Building to Win
The people are largely on our side. People are deeply skeptical of business's abuse of power and deeply committed to a core set of values--fairness, equal opportunity, reward for hard work, the responsibility of the powerful--that provide the natural foundation of an alternative politics.
But we lack a progressive infrastructure with an eye to electoral victory. The Democratic Party lacks a coherent or forceful progressive bloc and doesn't provide that infrastructure. But to give up on the Democrats is to deny another reality. In the near term, no third party can mount an effective national challenge to the two-party system. The 1997 Supreme Court decision against the New Party (Timmons v. Twin Cities Area New Party) has chained us constitutionally to the existing duopoly.
How, then, might progressives proceed? Let us begin by taking a leaf from the conservative playbook. The right has built an imposing array of institutions to develop ideas and educate conservatives on how to argue their case. In contrast, progressives, who have no shortage of good ideas, have done too little to enlist and educate current and future leaders on an agenda and a message that will consolidate a progressive majority. Progressives remain stronger on the ground than they are in the public debate.
But our strength is handicapped by the fact that our ranks are unnecessarily divided. Progressives too often appear unwilling to act together on anything until they agree on everything. A hopeful sign, however, is that a growing number of leaders are recognizing that organizational differences are more pronounced than is justified by real differences in belief. A new progressive movement needs to break with the divisions of the past and subsume differences--without suppressing our diversity and pluralism--in pursuit of goals on which we are all agreed.
The fragmentation among progressive groups has, in turn, fragmented our message. It helps explain why, if the people are essentially on our side, we've failed to forge a governing majority. Another reason is progressives' failure to speak in terms that people find relevant to their lives. We need candidates who are willing to enter electoral arenas armed with an effective message and the sort of campaign support that the right has provided its contenders for years.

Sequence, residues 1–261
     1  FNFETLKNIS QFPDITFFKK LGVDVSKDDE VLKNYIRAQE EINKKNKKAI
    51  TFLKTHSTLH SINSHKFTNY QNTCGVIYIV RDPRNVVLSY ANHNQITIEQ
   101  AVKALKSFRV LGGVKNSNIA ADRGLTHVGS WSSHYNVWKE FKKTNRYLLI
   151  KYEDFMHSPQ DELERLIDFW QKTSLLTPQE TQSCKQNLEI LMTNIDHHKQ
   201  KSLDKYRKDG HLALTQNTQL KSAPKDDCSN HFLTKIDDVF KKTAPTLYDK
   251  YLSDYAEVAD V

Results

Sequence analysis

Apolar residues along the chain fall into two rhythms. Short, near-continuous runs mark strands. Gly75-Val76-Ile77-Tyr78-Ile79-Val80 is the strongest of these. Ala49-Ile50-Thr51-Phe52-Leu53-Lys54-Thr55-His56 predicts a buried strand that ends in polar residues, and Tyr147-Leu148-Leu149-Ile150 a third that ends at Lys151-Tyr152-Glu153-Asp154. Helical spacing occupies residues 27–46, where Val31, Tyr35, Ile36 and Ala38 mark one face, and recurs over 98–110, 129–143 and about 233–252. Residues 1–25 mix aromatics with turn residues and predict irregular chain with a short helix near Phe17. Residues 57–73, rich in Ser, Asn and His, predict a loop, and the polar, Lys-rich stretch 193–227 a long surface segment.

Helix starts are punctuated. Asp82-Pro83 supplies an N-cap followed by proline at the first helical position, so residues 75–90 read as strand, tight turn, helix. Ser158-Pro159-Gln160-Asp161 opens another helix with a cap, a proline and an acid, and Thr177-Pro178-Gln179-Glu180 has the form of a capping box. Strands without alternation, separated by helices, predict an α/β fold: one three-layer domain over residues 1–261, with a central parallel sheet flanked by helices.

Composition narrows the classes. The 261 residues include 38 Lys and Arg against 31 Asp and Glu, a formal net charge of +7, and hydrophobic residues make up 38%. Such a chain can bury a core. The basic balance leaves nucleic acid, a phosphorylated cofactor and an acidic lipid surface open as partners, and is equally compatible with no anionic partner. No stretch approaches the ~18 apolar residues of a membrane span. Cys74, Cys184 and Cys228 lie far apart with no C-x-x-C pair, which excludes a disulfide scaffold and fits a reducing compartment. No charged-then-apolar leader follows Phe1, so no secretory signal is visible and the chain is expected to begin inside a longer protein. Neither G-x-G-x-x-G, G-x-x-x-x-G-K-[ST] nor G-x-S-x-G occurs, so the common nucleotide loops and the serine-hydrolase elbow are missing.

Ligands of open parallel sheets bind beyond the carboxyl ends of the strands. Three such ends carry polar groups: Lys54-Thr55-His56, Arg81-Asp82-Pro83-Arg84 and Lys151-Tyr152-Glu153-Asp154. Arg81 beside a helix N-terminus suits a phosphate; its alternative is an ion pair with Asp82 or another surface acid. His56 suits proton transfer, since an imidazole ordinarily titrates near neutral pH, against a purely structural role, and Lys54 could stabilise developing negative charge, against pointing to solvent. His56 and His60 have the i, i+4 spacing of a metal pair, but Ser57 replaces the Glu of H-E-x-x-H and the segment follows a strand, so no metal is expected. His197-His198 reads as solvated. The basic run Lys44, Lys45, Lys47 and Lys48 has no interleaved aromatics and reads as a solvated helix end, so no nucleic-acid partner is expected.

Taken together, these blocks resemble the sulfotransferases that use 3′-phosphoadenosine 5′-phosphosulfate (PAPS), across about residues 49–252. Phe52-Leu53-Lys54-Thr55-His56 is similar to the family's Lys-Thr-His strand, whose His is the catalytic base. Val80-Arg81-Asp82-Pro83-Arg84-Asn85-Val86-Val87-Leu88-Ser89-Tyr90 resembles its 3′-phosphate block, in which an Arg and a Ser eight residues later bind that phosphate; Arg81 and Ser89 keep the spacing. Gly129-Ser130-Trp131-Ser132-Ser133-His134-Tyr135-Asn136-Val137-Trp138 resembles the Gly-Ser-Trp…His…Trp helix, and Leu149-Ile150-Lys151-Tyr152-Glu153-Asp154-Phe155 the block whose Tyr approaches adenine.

That message should rely on several issues important to the vast majority of Americans--opportunity for our kids, fair rewards for our work, a government that pays attention to us instead of corporations and the wealthy, enough of a safety net to insure medical care and a dignified retirement, real environmental protection, public safety, quality public services for our neighborhoods, funding for training, benefits that allow us to navigate today's economy and increased protection at work.
The biggest challenge is getting progressives to agree to commit themselves to that shared and relatively simple vision, to stick with it and to broadcast it in electoral and other arenas--which is primarily a matter of organization and will. Part of the job involves recruiting and training more candidates to run for office--and to recruit them from our own ranks, since it's far easier to train someone with decent values to be a politician than to train a politician to have decent values. We should be thinking of thousands of these candidates at every rung of the ladder. And we should be working--through unions and other routes--to assure that these candidates have support from their workplaces so that elections are no longer the playground only of the rich.
Not only must we find and cultivate fresh talent, we should support these candidates while they run--with message, program, talking points, opposition research and all the other tools that the right routinely provides for its own. And we should support them with the same system once they're in office. The right has the American Legislative Exchange Council (ALEC), one of Paul Weyrich's many institutional creations, which supplies conservative state and local legislators with reams of model legislation, polling research, talking points, occasions to meet and learn from one another new ways to undermine the common good. We need to build an ALEC for our side, an ALEC that seeks to rebuild the country. And we need to recognize that this is as important as our national policy think tanks, since in an age of devolution we ignore state and local politics at our peril.